This is a love story written to the teenager you remember being, and it is beautifully written. It is compelling and keeps your interest to the end. The fact that Flora has only this one memory doesn’t distance her from other teenagers or from her teenage readers: we all become a little fixated under the spell of first love: real life is put on hold, and we indulge ourselves in another secretive world that has been created between just two people. In this case, a very secretive world, as the boy whom Flora remembers kissing is Drake, the boyfriend of her best friend.

Even though Flora is a teenager with an unusual condition, Emily Barr perfectly evokes universal themes. The reader shares the same sense of vulnerability as Flora: the danger that comes at every turn from a life where you do not have the confidence of knowing what has just happened – Flora has to prompt herself with messages on her hands and arms – and the same sense of hope: that she will get to kiss Drake again.

‘Chipping away at the stone’

Barr’s simple writing style – the story is told in short, often naive and startling honest sentences – is beautifully effective. Flora has to order the things around her – in her head, in her life – in simple ways, and filter straight through to the important things. She has no time to indulge: she has to state the truth as she sees it. Other characters are reflected through her eyes as they move in and out of her life and her short memories in an almost dream-like way. Somehow this narrative makes for the most wonderfully atmospheric, quiet and calm descriptions of nature – rather like a stark black-and-white photograph of sea or snow, or an Alfred Wallis painting. I loved being inside Flora’s head when she was standing by the sea in Cornwall or in the arctic tundra – I felt the expanse let me breathe in cold, clean air after being stuck in that one memory inside Flora’s claustrophobic family home.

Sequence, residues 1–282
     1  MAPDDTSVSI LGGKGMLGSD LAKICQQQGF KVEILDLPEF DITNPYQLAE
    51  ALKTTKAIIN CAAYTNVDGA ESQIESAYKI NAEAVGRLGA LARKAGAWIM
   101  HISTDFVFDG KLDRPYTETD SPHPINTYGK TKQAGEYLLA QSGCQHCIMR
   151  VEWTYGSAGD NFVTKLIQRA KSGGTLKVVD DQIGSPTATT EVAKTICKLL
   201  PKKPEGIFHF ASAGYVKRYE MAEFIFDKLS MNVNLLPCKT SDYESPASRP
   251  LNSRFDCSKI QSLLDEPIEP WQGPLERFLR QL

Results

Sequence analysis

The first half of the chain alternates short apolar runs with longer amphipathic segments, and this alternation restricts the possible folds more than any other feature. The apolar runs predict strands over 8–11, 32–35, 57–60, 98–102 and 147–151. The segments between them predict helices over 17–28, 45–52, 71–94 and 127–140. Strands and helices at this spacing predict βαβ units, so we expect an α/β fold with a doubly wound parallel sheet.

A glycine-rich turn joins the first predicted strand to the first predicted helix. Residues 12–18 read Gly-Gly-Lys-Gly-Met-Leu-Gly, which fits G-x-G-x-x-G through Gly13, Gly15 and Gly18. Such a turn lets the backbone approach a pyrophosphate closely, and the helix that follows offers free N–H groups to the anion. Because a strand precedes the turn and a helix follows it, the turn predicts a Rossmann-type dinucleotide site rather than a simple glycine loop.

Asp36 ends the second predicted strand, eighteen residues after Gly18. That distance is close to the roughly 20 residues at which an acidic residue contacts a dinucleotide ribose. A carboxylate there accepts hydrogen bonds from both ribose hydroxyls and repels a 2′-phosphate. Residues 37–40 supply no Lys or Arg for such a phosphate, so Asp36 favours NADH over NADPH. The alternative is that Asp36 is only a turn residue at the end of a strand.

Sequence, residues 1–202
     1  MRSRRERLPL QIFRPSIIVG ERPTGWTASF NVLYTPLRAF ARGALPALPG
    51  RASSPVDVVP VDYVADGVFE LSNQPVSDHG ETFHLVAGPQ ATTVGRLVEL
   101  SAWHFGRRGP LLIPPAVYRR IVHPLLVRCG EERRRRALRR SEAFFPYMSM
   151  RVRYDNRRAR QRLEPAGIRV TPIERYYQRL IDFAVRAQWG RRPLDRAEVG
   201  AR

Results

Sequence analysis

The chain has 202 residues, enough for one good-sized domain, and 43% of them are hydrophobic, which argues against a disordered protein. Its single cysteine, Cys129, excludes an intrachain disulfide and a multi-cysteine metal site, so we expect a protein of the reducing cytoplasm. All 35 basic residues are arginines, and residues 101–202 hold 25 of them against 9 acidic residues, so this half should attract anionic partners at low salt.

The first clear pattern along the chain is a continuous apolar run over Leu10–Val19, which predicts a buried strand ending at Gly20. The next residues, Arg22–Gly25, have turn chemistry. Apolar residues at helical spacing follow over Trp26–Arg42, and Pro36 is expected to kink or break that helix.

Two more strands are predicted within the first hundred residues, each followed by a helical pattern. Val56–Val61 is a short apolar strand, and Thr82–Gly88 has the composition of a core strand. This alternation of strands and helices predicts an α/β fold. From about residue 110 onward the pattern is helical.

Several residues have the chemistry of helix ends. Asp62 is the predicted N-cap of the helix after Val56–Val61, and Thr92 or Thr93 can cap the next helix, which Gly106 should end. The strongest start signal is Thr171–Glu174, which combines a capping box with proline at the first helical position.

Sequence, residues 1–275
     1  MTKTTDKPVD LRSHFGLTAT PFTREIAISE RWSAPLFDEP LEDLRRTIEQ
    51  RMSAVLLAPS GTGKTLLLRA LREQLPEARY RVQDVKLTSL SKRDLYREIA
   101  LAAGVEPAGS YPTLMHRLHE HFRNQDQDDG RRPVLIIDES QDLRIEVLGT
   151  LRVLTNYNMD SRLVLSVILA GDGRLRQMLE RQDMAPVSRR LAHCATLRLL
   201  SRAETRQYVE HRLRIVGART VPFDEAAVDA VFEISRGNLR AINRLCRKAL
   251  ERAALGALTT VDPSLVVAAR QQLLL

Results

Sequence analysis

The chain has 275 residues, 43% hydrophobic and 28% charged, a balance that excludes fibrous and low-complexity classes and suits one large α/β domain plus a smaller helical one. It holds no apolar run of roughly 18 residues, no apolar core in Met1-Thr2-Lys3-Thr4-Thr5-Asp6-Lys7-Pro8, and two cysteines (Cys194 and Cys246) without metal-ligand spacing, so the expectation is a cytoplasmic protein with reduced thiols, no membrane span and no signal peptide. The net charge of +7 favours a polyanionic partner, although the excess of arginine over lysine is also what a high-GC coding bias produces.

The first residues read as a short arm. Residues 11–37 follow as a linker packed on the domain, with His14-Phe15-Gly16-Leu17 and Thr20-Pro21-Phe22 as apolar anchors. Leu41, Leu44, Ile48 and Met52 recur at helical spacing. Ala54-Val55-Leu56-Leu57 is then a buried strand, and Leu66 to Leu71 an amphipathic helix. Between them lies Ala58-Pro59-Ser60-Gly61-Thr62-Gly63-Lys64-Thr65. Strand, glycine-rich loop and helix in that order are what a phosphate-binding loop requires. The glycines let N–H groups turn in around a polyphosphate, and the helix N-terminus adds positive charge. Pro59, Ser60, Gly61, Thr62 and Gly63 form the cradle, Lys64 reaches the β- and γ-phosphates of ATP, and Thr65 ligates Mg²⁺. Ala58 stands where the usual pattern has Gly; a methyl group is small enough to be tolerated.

Michelangelo described stone sculpture as the slow release of a form as it emerged out of the marble block excavated from deep in the mountains of Cararra. He said that it was his job as an artist to liberate the human form trapped inside the block by gradually chipping away at the stone – that the statue was already inside, and he was just releasing it. I love that notion dearly, and I get the same feeling from this book: that there are wonderful things written in the stars for Flora, but she has to chip away to release them from this memory-limited prescription-drug-induced fug she is trapped n. She needs to be allowed – by adults – to fail, to explore, to experiment, and to put herself in harm’s way, because she deserves a life of her own creation: just as all teenagers do. One is often filled with a sense of sorrow at just what a wonderful life a girl like Flora could have if she did not suffer from her condition, but it is comforting that her memory has seized on one wonderful moment of being.

I think teenage girls will adore this book – will make friends with Flora, and hold tightly to her graffitied hand for every step of her journey.

Emma Cox, ageless

Pupil reviews

‘Into the valley of death’

I read the majority of this book sitting at my desk at school. It was raining and thundering as though the storm had a purpose to fight for, the exam timetable sat in front of me proclaiming the week’s torture and the whole scene felt very Tennysonesque. “Cannons to the left of them, cannons to the right.”

Except, of course, when I rode “into the valley of Death”, I was not one of the six hundred, but alone.